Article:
Trail of the Kościuszko Uprising

Grupa ołowianych żołnierzyków w granatowych i czerwonych mundurach, inscenizacja bitwy
All of the places associated with the Kościuszko Uprising are worth visiting. The tourist trail goes along the following sites: Cracow Mound – Cracow Church of the Holy Saviour – Cracow Wawel Castle – Cracow Capuchin Church – Cracow Main Square – Cracow Prądnik Biały – Cracow Pleszów – Luborzyca – Koniusza – Proszowice – Rzędowice – Janowiczki - Racławice - Dziemięrzyce – Bosutów.

Many places in Lesser Poland are commemorative of the heroic battles for independence, of glorious moments and downfalls. Some of them were marked by plaques, some were honoured by monuments. The plaque built in the slab of the Cracow market square reminds the visitors of the oath given there by Tadeusz Kościuszko on 24th march 1794. After the morning consecration of sables in the Capuchin church, he went to the Main Square to swear an oath to serve the nation and to announce the uprising. This was the beginning of the insurrection which proved to be a failed attempt, but remained in our memory and became a national legend. The struggle was joined by peasants who fought with everything they had at hand, including the famous scythes mounted upright. The battle of Racławice of 4th April turned to be a success. The insurrection army commanded by Kościuszko – numbering approximately 4,000 soldiers of the regular army and about 2,000 new recruits – fought with the Russians on the east of Miechów and won the battle. During the battle of Maciejowice Kościuszko was taken captive. The failure of the uprising began the 3rd partition of Poland. We regained independence only after 123 years.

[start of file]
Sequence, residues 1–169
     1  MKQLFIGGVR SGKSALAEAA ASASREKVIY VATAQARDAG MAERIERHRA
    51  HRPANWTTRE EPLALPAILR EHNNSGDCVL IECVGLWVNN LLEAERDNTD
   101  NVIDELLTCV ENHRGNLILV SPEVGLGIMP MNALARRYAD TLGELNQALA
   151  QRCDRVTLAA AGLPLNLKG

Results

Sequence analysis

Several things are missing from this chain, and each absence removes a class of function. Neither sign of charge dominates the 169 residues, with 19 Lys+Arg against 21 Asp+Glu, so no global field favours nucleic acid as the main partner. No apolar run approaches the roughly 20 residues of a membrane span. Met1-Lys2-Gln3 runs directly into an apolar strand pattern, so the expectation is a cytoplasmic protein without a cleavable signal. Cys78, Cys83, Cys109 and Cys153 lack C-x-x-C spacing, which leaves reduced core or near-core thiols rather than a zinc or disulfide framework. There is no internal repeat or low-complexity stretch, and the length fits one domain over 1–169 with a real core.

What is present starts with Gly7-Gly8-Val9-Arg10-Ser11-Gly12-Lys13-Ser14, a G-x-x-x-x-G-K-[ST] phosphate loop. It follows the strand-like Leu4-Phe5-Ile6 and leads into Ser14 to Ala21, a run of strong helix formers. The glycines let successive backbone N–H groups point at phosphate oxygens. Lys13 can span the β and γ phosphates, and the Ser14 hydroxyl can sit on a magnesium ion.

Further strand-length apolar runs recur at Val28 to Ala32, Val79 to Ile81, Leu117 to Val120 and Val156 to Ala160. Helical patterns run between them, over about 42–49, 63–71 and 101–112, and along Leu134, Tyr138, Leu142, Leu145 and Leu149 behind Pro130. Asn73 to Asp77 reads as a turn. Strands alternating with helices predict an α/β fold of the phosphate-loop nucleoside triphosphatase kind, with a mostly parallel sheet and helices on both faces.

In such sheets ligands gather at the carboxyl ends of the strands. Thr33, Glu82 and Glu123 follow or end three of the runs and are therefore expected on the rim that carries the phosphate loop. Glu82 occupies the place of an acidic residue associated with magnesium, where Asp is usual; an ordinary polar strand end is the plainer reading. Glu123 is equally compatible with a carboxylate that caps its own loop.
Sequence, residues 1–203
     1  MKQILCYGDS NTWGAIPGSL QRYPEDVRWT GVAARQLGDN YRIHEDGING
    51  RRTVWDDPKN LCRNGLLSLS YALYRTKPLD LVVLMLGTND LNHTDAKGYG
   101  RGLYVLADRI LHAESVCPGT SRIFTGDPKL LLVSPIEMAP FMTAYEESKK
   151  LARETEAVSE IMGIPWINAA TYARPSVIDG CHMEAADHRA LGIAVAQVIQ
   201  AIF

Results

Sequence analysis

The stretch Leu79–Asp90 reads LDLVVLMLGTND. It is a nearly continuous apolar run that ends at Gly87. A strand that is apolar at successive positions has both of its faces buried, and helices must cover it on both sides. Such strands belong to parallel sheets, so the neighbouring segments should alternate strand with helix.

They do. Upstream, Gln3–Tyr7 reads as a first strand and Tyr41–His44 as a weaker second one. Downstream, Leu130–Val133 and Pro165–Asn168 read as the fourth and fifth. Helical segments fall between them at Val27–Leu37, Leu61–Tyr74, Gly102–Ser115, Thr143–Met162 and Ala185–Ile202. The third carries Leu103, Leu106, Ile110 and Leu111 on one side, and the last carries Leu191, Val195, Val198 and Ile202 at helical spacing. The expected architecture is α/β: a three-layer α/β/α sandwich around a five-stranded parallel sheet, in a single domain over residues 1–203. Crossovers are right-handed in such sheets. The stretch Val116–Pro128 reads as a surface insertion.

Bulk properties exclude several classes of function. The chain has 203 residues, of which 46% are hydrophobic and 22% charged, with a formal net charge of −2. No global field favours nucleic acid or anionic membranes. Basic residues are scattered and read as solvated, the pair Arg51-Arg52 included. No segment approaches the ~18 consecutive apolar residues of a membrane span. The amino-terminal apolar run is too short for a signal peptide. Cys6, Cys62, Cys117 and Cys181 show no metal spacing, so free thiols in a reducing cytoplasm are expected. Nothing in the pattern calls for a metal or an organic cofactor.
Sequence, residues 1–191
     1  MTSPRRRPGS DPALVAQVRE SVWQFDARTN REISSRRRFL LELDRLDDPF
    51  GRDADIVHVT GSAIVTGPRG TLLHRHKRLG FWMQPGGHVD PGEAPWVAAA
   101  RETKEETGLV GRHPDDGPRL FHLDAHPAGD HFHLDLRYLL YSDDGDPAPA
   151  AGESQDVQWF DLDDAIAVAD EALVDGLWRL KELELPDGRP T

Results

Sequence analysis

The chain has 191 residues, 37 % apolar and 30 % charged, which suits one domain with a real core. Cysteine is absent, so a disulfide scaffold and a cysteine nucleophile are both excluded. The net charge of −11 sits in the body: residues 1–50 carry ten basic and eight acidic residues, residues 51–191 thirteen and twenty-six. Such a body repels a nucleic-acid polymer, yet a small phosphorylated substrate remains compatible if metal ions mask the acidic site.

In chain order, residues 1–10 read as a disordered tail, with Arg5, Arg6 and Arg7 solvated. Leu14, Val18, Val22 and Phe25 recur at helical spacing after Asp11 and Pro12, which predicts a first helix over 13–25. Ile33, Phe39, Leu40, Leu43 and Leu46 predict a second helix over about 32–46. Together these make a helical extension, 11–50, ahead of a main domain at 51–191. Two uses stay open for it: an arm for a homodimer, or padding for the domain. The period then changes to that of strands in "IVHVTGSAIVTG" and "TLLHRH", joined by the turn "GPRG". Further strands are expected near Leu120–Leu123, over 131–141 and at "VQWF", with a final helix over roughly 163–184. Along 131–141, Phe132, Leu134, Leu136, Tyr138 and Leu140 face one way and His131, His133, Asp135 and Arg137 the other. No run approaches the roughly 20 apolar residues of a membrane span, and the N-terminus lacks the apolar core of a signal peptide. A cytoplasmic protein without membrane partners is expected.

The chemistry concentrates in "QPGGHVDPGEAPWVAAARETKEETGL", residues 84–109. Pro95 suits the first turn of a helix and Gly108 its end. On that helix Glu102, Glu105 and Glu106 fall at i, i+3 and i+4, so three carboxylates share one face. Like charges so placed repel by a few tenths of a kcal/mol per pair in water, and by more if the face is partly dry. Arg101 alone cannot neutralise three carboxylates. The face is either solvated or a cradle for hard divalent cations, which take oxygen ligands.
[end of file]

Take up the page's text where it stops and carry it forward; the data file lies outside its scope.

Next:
Monuments on the trail

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